As Don tries to court big names in advertising, a lawyer and southern affiliate threaten his progress. Meanwhile, the kids are dealing with their own obstacles.
|Writer(s)||Jonathan Prince, Devon Greggory|
|Introduced This Episode|
|Mr. Willard||Keith Arthur Bolden|
|Leland||Ron Clinton Smith|
|Joseph||Joseph Lee Anderson|
You Gotta Take The Good With The Bad: Simone, Kendall, Brianne, Joseph
With Kendall having the draft and being kicked out of school looming over his head, getting on Soul Train could be the best thing to happen to him. Granted, it wouldn’t keep him from going to Vietnam, but with a son and family to take care of, even a little bit of money could help. Especially since Simone is only 16 and isn’t working yet and their mom takes care of older white folk. A job which pays but certainly weighs on her dignity sometimes.
But, despite money worries and the reluctant acceptance of going to war, there was the silver lining of Joseph, the patriarch, coming home. However, the only thing which enters Brianne’s door are two men with their condolences. Making it seem either Joseph was dead when we saw him waving goodbye to his men, like a guardian angel going home, or his helicopter was shot down.
I Need Real Money: JT, Mr. Willard, Andrea
Things are hard in JT’s life. His momma, Andrea, is a fiend, his little sister is screaming all the time, and no matter how many shifts he picks up, it isn’t enough to keep Mr. Willard away. Well, not only away from the apartment door but using JT’s momma’s (pick your euphemism) as a means of shaving some of the rent money off the top.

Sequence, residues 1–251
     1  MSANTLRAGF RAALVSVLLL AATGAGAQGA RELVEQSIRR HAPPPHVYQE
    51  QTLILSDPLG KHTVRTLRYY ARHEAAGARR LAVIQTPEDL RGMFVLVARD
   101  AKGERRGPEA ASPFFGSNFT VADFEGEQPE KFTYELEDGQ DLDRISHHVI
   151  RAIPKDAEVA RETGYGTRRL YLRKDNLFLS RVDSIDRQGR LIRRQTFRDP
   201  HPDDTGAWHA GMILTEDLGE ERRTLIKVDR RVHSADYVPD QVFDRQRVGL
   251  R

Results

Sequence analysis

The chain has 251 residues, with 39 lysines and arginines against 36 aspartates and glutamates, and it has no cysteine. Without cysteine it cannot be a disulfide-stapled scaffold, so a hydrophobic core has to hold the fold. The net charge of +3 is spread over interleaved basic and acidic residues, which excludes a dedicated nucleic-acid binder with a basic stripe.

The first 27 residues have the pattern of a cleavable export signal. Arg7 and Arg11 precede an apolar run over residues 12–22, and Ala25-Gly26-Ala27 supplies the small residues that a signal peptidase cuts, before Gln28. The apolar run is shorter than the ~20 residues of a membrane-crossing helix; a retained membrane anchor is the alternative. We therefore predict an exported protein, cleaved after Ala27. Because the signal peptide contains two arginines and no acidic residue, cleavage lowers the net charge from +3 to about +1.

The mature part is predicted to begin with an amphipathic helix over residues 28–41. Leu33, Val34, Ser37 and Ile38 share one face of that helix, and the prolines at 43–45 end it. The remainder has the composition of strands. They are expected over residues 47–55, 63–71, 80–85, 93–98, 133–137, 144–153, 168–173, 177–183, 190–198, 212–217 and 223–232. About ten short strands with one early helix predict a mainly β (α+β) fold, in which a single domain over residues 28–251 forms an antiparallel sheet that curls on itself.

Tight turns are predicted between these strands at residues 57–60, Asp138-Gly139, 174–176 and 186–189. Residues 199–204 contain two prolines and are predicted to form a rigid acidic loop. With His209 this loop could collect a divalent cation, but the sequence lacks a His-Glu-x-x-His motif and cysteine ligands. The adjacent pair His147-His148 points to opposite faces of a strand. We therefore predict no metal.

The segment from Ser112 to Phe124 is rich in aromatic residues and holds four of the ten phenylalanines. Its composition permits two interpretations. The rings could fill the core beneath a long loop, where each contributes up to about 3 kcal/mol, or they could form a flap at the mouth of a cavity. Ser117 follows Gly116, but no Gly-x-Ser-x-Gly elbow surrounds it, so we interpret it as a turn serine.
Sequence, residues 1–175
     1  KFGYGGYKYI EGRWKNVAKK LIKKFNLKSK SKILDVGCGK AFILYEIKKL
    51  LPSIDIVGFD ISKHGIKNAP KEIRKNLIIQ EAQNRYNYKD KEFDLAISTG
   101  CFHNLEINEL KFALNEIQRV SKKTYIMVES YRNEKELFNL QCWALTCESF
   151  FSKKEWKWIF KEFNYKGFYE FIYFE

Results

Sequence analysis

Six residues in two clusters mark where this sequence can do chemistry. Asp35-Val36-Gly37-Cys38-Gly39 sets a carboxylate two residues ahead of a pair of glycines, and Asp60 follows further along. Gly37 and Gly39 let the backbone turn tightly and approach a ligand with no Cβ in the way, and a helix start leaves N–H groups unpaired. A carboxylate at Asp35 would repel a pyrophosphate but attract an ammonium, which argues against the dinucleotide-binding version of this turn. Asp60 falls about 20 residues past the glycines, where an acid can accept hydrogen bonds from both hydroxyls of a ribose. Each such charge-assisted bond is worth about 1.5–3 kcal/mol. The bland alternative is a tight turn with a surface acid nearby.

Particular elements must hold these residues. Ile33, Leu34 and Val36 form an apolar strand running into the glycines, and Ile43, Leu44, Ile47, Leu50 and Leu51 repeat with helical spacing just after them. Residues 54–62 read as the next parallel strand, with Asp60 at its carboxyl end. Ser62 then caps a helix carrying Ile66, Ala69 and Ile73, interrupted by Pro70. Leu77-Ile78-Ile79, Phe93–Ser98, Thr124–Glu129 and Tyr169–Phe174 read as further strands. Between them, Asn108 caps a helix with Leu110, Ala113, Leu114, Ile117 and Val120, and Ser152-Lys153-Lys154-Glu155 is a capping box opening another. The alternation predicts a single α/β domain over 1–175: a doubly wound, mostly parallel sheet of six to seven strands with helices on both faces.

So, with driving around a local Crip making JT some good cash, he does it again but ends up part of a jewelry heist turned murder. Not by killing anyone, but being the getaway driver. Then, to make things worse, the person who was killed was a cop.
If It Ain’t One thing, It’s The Other: Don, Gladys, Ilsa, Leland, Brooks, Tessa, Gerald
Being that Don doesn’t have a partner in this venture, even if you count the eccentric gangster Gerald, things are tough for him. After all, he is a former cop with limited experience in entertainment. So while he may have won Gladys Knight over, then her label’s lawyer Ilsa slips in and seems ready to shut everything down. Following that, the man who owns 6 of the 14 markets Soul Train is supposed to be in talks about pulling out. Lastly, there is this unfortunate need to admit that, if Don really wants a go, he is going to have to get a white boy, like Brooks, working for him. Which, considering his sell to Gladys was everything being Black-owned, ran, and starring, it puts a blemish on him.
Especially since, when it comes to Leland, Don fixes that problem with some sex workers. However, with Leland attracting Coca-Cola, he shows his worth. Thus leaving only two issues for Don to tackle: First is winning over Ilsa, which is easy once Gladys and Don decide to play by the rules. The next problem is Tessa.
At this point, Tessa may believe in Don’s dream but doesn’t like the role he keeps pushing her to play in it. She is a trained dancer treated like a secretary sometimes. So, it comes to the point she wants to quit. However, with getting to actually do her job, see Don execute his plan, control his set and all, she snatches that letter of resignation off Don’s desk and goes about her merry way.
The Business Side To Running A Show/ Don Is A Bad Motherf***er